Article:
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PhD Requirements

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Core Sequence

The first year PhD core courses introduce students to the diverse theories, analytical tools, and methods required for interdisciplinary research.

*Co-requisite with ENVRES 320 - ENVRES 315: Environmental Research Design Seminar

**Co-requisite with ENVRES 330 - ENVRES 398: Directed Reading in Environment and Resources. Must be taken with the faculty member chosen to conduct a literature review on a potential dissertation topic.

Fields of Inquiry

Fields of Inquiry are the central focus of a student’s dissertation research. Students have the freedom to define and choose the Fields of Inquiry in which they would like to develop depth of understanding and which are distinct enough to ensure that the student’s research is interdisciplinary. The student’s Fields of Inquiry define the two sub-disciplines in which the student gains expertise through the course of their PhD. These fields are similar to journal titles or definitions of expertise in which one might expect to receive an academic job (e.g., not “economics” but “agricultural economics,” not “ecology” but “terrestrial ecosystem ecology with a focus on modeling”). They can be informed by previously accepted Fields of Inquiry, or newly developed by each student. Students should work closely with their Lead Advisors and other committee members to define and refine their Fields of Inquiry leading up to the Oral Qualifying Exam.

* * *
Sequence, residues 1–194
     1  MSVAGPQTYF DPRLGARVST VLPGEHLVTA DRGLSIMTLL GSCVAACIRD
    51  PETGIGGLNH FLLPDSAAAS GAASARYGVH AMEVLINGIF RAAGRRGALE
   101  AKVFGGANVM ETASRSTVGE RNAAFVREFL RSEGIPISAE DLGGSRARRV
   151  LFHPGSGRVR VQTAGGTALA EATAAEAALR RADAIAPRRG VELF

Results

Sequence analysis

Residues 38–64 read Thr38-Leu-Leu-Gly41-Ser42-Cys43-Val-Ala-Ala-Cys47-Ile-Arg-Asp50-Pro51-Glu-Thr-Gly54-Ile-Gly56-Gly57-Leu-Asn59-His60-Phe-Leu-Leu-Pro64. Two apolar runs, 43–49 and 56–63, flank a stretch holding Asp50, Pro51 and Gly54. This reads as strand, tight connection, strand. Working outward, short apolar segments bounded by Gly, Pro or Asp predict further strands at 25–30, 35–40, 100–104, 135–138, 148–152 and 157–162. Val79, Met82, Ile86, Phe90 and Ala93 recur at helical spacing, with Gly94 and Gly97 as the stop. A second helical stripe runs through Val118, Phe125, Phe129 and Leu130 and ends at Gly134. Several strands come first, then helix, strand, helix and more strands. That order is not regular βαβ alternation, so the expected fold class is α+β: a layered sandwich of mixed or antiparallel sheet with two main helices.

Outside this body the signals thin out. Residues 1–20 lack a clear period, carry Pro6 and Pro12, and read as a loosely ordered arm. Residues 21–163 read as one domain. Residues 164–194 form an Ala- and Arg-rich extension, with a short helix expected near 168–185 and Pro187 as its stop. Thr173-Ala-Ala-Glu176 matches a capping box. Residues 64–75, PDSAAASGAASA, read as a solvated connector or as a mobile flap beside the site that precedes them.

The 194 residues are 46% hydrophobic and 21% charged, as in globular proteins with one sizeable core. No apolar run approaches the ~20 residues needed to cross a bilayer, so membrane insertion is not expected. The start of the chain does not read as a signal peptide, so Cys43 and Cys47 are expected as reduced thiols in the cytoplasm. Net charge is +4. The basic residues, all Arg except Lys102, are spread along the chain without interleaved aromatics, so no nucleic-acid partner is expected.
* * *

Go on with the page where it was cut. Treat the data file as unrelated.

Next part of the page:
The definition of Fields of Inquiry is an evolving process with three distinct stages. First, a working definition of the two Fields of Inquiry is applied in the 1st year core course informing the student’s literature review, research design, and course selection. Then, students identify their two Fields of Inquiry—and corresponding Lead Advisors who have expertise in these defined Fields of Inquiry—on a preliminary basis for discussion during their Second Year Pre-qualifying Meeting (formerly Meeting of the Minds). Final certification of the Fields of Inquiry, including coursework taken to demonstrate mastery of these two distinct sub-disciplines occurs during the Qualifying Exam. 


In addition to achieving depth in two Fields of Inquiry, students are expected to demonstrate breadth of knowledge related to environment and resources. Students should work with their Lead Advisors to determine a strategy to gain a general understanding in relevant topic areas including culture and institutions, economics and policy analysis, engineering and technology, and natural sciences.